No, Zack was going home to hang lust on the walls.

Life Lesson: learn to laugh at yourself!

NWotD: Familie

Familie
(noun) Family.Used in a sentence
Familie er viktig for meg.
(Family is important to me.)

Related words
Far: father
Mor: mother
Sønn: son
Datter: daughter
Bror: brother
Søster: sister

Related to us
We are very excited that Zack’s brother and sister-in-law had their first child, a son!
Vi er veldig glade for at Zacks bror og svigersøster har fått sitt første barn, en sønn!

Liebe Gruß and Language Formalities/NwotD

When our friends Jeff & Deanna lived in Germany, they were taught the proper way to end a conversation. It included a greeting to your family, friends, etc. And they quickly learned that it was quite important and could be considered rude when not used.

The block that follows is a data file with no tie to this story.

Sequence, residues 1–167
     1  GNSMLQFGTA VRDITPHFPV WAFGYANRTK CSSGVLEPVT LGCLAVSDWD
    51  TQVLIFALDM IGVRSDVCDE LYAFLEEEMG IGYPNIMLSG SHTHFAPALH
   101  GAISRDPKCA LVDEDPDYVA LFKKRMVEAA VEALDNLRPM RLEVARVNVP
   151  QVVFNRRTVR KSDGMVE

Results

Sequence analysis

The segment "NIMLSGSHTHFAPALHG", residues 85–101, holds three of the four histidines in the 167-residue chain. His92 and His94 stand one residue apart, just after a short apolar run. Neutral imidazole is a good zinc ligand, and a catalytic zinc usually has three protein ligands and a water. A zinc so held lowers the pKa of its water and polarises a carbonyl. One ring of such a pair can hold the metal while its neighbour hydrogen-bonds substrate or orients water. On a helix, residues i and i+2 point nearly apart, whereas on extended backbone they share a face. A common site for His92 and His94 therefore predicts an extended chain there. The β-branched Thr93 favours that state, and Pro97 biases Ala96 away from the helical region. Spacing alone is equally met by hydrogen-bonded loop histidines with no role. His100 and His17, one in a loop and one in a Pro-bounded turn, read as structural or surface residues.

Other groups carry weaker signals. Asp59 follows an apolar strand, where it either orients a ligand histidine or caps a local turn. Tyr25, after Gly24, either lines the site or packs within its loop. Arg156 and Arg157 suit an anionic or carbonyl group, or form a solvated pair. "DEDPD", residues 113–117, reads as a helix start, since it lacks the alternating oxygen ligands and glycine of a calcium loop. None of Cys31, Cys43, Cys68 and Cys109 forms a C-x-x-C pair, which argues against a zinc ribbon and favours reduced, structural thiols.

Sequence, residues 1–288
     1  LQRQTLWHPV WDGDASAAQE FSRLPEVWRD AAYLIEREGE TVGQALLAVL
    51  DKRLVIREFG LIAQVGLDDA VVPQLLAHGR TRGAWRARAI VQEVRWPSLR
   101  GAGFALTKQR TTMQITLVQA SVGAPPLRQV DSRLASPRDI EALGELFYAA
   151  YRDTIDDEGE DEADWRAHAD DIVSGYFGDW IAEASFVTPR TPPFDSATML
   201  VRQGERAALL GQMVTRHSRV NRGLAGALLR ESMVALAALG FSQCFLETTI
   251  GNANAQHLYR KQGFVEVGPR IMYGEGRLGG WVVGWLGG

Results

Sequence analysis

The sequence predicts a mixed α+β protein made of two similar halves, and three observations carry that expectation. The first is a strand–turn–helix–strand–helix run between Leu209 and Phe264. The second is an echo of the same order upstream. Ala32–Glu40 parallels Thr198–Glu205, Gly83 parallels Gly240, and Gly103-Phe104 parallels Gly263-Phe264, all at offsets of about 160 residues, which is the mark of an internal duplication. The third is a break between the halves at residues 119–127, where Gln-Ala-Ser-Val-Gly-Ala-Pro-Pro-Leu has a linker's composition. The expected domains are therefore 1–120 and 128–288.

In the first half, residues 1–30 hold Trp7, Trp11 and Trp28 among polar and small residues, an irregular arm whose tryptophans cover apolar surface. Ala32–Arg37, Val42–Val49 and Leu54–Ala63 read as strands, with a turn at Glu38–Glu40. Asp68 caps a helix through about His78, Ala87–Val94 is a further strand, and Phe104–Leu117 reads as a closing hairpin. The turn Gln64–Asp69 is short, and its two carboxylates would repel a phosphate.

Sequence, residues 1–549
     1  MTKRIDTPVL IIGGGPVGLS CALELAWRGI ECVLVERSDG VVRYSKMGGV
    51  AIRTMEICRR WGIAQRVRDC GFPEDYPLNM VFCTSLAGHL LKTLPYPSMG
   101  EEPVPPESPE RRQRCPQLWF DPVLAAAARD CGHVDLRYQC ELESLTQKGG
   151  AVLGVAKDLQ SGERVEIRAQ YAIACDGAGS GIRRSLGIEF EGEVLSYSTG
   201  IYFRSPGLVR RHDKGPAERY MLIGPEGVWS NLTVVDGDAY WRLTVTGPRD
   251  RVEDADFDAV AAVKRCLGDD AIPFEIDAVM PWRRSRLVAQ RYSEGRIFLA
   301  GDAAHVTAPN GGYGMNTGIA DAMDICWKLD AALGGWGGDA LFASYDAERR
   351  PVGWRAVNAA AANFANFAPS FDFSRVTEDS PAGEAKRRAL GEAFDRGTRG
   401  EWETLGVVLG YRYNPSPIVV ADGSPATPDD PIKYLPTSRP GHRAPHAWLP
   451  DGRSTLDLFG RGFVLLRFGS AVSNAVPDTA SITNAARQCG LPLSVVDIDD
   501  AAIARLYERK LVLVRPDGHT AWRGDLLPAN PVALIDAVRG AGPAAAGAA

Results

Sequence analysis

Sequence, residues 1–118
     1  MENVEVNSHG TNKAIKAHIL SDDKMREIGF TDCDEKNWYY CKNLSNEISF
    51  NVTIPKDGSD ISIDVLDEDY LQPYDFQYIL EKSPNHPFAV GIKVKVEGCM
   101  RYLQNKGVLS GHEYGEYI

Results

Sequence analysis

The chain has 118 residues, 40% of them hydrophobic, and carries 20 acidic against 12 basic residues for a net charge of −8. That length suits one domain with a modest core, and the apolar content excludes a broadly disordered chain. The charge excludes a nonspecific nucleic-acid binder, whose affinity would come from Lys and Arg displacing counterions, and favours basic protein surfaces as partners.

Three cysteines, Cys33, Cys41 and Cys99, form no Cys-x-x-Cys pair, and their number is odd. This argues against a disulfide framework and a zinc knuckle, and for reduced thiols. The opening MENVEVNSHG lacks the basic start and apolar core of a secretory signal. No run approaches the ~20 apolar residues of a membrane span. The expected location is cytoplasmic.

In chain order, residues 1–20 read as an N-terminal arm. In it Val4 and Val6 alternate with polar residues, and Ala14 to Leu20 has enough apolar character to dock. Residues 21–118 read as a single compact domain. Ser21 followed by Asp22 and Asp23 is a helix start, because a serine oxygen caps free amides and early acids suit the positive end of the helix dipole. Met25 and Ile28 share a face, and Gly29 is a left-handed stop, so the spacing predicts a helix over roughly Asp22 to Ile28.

So Jeff’s question was this: Is there any formal or informal greeting or salutation in Norwegian?

There are things that are appropriate to say, but so far we haven’t learned anything that would be considered rude if we didn’t say.

Here are some helpful greetings and phrases.

For a greeting you might say

  • Hei!
  • Hei hei!
  • Hallo!

Often after this, you will say

  • Takk for sist! It means thanks for the last time – basically acknowledging our last meeting. It could possibly be compared to an English phrase like “good to see you again.”

If you are welcoming a guest into your home, you might say

  • Velkommen til oss! Straight translation: welcome to us.

As you are departing, you can say

  • Ha det bra! Taken word by word, it literally translates have it good. But this is the word we would use like good-bye.
  • You can also say Ha det, a shortened form.

And many times in your departure, you may choose to say one or two of these

  • Takk for oss! (Thanks for us)
  • Takk for i dag! (Thanks for the day)
  • Takk for i kveld! (Thanks for the evening)
  • Hils familien! (Greet your family)
  • Vi ses snart! (similar to See you soon!)